The NBA’s close relationship with China has, once again, become a problem. As Reuters reports, a US congressional commission has called for NBA players to end endorsements with Chinese sportswear brands that are believed to be complicit in the forced labor camps in the region of Xinjiang.

The commission warned that any players endorsed by and engaged in a financial relationship with brands such as Li-Ning, Anta, and Peak, could hurt their and the NBA’s images.

“We believe that commercial relationships with companies that source cotton in Xinjiang create reputational risks for NBA players and the NBA itself,” the chairs of the bipartisan congressional-executive commission wrote in a letter to the National Basketball Player’s Association. “The NBA and NBA players should not even implicitly be endorsing such horrific human rights abuses.”

The US government had previously determined that China was committing genocide and crimes against humanity in Xinjiang, barring cotton imports from the region. Since 2018, China is widely believed to have forced minority Muslims to engage in forced labor and “re-education camps,” which, for lack of a better term, are basically concentration camps.

The strongly-worded letter also mentioned that China’s leading sportswear brands Anta, Li-Ning, and Peak had publically embraced Xinjiang cotton, leading the US government to believe that the brands are complicit in the use of forced labor.

China has always played a large role for the NBA outside the US, being one of the largest markets for, well, anything. Players such as LeBron James, Kobe Bryant, and Michael Jordan reserve nearly god-tier standing among Chinese basketball fans. Players such as Yao Ming and, more recently, Jeremy Lin (although he is American-born), have ensured that the NBA enjoyed great growth in China over the last few decades.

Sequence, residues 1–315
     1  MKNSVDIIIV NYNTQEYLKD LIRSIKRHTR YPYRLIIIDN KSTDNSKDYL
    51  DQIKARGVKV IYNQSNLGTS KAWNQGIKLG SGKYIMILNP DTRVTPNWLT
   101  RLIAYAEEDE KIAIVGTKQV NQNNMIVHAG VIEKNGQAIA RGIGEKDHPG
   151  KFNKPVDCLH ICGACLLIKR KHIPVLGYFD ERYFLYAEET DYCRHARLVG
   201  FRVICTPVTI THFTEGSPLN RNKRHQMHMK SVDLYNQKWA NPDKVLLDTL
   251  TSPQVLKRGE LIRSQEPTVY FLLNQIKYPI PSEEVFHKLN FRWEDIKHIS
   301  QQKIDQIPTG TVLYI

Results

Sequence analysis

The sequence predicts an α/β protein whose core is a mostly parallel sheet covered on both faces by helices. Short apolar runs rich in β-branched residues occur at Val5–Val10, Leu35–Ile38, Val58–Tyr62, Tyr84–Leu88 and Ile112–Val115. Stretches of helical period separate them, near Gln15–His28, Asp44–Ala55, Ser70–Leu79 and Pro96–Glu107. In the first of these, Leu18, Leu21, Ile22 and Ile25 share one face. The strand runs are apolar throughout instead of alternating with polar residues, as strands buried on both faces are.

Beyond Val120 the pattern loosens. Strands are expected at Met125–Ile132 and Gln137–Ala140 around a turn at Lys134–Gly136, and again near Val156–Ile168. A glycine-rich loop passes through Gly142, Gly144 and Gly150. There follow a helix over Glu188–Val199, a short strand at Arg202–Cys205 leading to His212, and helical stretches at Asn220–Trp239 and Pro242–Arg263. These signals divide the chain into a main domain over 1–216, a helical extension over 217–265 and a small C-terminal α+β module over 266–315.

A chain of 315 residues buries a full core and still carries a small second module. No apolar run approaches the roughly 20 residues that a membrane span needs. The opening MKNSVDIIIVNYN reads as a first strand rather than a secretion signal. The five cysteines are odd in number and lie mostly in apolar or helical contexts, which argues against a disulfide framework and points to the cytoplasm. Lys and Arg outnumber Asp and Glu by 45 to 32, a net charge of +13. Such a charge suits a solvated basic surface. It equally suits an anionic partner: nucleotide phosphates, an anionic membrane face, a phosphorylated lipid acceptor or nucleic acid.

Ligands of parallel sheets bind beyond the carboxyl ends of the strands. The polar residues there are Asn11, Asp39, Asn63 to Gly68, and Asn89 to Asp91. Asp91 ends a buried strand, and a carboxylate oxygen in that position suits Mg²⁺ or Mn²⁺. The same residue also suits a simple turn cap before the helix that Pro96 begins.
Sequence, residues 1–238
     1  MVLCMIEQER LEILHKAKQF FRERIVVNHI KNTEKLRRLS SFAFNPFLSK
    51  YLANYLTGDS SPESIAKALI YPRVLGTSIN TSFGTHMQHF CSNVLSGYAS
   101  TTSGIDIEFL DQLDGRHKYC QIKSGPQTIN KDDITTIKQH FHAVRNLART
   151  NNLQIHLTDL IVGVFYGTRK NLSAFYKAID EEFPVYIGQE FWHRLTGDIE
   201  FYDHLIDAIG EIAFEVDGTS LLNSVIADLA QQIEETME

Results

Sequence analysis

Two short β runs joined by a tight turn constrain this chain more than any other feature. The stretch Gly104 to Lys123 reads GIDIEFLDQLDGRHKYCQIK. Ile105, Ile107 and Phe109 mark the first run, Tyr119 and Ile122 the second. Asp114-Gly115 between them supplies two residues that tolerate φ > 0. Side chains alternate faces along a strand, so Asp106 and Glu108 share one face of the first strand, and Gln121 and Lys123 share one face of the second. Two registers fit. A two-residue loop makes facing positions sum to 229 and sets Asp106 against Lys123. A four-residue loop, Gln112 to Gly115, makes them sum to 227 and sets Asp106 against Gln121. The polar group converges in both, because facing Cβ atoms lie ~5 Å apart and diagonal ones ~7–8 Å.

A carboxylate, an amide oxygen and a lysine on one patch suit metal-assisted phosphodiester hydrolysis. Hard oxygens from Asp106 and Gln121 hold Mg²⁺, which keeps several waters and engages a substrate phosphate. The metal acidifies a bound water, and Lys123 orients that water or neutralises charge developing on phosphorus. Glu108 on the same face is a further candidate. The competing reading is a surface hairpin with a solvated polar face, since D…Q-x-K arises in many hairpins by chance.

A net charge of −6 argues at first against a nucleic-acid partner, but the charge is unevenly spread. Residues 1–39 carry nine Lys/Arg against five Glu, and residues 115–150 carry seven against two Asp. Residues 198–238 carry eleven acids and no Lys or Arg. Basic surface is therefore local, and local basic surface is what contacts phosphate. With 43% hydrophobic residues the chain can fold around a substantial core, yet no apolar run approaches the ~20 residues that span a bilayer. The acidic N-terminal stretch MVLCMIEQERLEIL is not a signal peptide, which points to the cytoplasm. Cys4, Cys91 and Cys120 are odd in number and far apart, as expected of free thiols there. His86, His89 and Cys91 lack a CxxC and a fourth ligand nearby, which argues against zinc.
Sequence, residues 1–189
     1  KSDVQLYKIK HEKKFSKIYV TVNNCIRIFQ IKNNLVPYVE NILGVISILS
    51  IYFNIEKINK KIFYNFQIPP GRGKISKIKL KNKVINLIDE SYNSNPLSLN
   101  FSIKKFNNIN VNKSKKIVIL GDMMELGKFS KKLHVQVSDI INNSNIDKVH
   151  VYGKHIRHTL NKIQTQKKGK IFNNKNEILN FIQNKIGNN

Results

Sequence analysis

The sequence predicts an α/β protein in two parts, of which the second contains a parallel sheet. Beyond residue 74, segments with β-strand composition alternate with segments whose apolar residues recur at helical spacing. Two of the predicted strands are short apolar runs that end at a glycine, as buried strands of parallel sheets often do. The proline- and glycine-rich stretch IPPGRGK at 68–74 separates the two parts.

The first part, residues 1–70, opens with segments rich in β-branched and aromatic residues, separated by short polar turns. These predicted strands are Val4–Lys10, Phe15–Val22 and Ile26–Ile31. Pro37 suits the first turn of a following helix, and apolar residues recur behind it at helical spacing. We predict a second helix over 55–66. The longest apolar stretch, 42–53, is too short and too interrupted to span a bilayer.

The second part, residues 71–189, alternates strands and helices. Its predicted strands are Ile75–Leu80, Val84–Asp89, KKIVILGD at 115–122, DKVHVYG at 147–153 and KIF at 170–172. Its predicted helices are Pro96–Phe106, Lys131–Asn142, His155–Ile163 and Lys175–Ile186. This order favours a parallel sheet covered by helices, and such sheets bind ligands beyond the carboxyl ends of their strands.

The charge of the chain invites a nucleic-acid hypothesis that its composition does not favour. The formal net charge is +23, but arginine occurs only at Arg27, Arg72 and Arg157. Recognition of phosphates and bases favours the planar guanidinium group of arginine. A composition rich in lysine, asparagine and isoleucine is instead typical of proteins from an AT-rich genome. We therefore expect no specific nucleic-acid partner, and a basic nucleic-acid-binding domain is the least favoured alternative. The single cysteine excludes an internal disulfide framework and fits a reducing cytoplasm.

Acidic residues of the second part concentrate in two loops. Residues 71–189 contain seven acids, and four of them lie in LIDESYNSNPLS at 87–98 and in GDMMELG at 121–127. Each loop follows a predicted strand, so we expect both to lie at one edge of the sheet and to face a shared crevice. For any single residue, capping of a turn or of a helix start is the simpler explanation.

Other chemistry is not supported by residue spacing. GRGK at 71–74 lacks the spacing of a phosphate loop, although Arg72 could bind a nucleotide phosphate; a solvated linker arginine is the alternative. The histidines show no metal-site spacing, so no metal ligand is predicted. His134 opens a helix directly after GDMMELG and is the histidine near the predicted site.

That relationship was strained in late 2019 when then-Houston Rockets GM Darryl Morey offered comments in support of democracy in Hong Kong, during a time when there were riots and protests against Chinese control and overreach into the politics in Hong Kong. China pulled NBA games off of its state television in response.

Many felt that the NBA’s lackluster response in defense of Morey was due to the fact that the league and its players did not want to strain the China relationship further, putting money ahead of social issues. That stands in stark contrast to the strong BLM stance the league has taken since the George Floyd shooting.

Last July, reports emerged that the NBA’s youth academies in China were subject to allegations of abuse of young players by local staff and harassment of foreign staffers in Xinjiang.

The congressional letter, the latest chapter in the tumultuous relationship, is perhaps the most damning, as it’s the first time the US government has felt the need to intervene and take an official position on the topic.

NBA players and the league itself make a lot of money thanks to the popularity of the sport in China and, while the government is not accusing any players of being aware of or complicit in the forced labor camps, it will be interesting to see how this shakes out. Especially because the NBA has earned a reputation for being one of the more political major sports leagues in the US, with players leading the charge on many social issues that are at the forefront of US politics.

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